The Hamlet Apocalypse is a dsytopia of the now generation, a silent party, a desperate plea, a rambunctious prayer... Seven actors stage Hamlet on the eve of the apocalypse. As the line between fiction and reality blurs; the actors, their characters and their worlds collide and are distilled into the simplest of human states. It's about the power of death and the value of life.The sheer energy of the ensemble at work and of the production itself is mightily affecting. Certainly, you cannot hide in the usual safety of the dark auditorium. Dane Alexander's sound and Ben Hughes' lighting are terrific and cruel! From the moment you enter you are caught in the spotlight - literally. The show gets its claws into you and, from this point until the final blackout, you are jumping in your seat. For 75 minutes there is no exit, no retreat for audience or performers ... Continue reading Review: The Hamlet Apocalypse – The Danger Ensemble and La Boite Indie at The Roundhouse
Images: Al Caeiro The first of the La Boite 2011 Indie season productions, Colder by Lachlan Philpott, opened at Brisbane's Roundhouse Theatre last week. Directed by Michelle Miall and performed by a cast of six actors, this play is a tonal poem of melancholy. Like slow, sad rain falling on the heart, Colder washes its audience in a threnody of loss. You've got to love the range and confidence of independent theatre in Brisbane right now. Sure, there are hits and misses - as there must be - but, as someone said a while back, it's indie work with its daring and devilry that's the life-blood of the wider theatre culture in this country. The indie voice heard in productions around town can be raucous and potty-mouthed, silly or serious. Sometimes the voice is delicate and challenging - as it is in this one. I'm a sucker for poetic theatre - the theatre of poetry - whatever you want to call it. I fell for the poetry - the beauty and un-selfconscious lyricism - of Philpott's text in Colder. Having said that and, despite the buzz of the play's language, the work feels too long in the playing - is this the production's pacing or the length and structure - even the nature - of the text itself? I wondered at the number of characters in the work and the inclusion of incidental interludes and monologues. Was it these which seemed to be holding up the core narrative? The play revolves around David (Chris Vernon) the enigmatic central character who disappeared first (and for a few hours) as a child on a visit to Disneyland, and then, never to return, as an adult in Sydney. The play's action is contextualised within the gay community of Sydney, and was inspired by one of the writer's friends who went missing some years ago. The cause of David's disappearances comes late in Colder. In direct audience address he speaks of being haunted throughout his life in pursuit of the figures of a man and a boy - the father he knew only briefly and the confident boy he could never be. It only hints - but that is enough - at how and why David remains missing. In any case, Colder is less of a mystery than a psychological exploration of the effect David's disappearances have had upon his friends and acquaintances (Kevin Spink and Kerith Atkinson in multiple roles), his lover Ed (Tony Brockman) - but especially upon his mother, Robyn, who is played by Alison McGirr and Helen Howard in younger and older versions of the same character. We walk in their shoes wondering why and how for much of the play. The ensemble of six are in fine form and, under Myall's direction, handle Philpott's lovely text very well indeed. Colder is a play that may have some asking how a text which relies more on voice than on embodiment can be improved by staging. Is it better suited for the vocal orchestration of radio where 'the pictures are better' for example? Michelle Miall's production is far from static, but characters give witness, they narrate, and they describe more often than they interact. The play is not particularly dramatic but that's no burden. This is the nature of Lachlan Philpott's script, of course and, anyway, hoorah for poetic theatre. What is gained in its staging - in breathing the same air together in the same room - is the embodied experience of grief and its effects which are as uneasy to watch as any forensic investigation must be. This is what the actors' physical presence adds. Design by Amanda Karo, lighting by Daniel Anderson and composition and sound design by Phil Slade mesh beautifully, as they should, for Michelle Miall's most satisfying production of the difficult and cold road of the grief-stricken. Colder plays at The Roundhouse Theatre as part of La Boite's Indie 2011 season until 9 July. Check the La Boite website for session times and booking details.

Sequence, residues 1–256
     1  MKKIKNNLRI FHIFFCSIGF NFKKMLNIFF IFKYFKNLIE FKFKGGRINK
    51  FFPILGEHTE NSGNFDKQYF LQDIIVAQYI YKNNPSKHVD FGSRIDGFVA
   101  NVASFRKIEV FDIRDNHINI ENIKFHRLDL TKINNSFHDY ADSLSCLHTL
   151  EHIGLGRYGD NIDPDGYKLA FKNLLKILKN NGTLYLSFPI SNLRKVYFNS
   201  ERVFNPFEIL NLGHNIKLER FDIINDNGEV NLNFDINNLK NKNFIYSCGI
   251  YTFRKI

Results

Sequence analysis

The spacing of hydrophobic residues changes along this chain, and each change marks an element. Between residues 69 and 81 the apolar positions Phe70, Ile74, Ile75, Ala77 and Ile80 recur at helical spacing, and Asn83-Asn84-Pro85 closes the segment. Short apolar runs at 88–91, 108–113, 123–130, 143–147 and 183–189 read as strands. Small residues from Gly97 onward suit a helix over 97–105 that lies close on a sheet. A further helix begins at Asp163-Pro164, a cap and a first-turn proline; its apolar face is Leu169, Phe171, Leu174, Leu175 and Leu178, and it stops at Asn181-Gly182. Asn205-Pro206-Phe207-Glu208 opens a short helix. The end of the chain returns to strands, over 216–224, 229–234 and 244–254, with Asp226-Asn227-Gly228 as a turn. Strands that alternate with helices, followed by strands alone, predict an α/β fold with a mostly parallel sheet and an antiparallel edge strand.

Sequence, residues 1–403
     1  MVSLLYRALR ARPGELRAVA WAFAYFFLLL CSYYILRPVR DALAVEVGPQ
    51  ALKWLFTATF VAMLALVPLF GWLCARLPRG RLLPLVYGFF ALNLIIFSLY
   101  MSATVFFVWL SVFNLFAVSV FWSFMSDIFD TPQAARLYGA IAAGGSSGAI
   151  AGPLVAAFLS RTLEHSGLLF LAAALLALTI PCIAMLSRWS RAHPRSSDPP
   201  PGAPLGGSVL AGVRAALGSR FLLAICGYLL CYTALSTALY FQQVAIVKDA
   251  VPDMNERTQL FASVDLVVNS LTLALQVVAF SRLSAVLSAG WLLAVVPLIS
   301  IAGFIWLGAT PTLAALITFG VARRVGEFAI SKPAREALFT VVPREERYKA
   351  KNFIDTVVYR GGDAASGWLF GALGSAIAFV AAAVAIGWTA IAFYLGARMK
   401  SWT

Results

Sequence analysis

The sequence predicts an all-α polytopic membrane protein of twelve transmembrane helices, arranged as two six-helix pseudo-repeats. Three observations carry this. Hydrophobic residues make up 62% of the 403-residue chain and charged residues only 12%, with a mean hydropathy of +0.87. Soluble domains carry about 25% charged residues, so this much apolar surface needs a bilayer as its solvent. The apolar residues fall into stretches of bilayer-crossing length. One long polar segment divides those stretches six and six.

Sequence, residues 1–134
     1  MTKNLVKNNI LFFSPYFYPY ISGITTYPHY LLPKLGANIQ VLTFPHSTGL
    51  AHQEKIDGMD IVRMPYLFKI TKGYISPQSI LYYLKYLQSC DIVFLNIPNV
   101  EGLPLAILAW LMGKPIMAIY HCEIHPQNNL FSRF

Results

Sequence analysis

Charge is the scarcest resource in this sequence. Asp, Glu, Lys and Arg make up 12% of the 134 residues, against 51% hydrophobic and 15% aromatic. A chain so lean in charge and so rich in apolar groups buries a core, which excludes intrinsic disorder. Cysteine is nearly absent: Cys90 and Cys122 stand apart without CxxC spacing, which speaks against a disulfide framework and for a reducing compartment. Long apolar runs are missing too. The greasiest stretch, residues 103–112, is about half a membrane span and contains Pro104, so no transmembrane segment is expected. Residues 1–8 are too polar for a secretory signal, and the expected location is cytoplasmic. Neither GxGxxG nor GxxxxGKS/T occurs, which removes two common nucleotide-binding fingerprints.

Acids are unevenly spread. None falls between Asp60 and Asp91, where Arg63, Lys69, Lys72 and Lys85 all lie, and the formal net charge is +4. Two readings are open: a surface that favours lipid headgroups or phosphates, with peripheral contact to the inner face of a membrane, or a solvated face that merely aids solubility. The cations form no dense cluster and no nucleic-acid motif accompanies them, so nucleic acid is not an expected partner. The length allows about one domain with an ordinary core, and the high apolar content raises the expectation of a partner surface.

- Michelle Miall (Interview) (actorsgreenroom.net)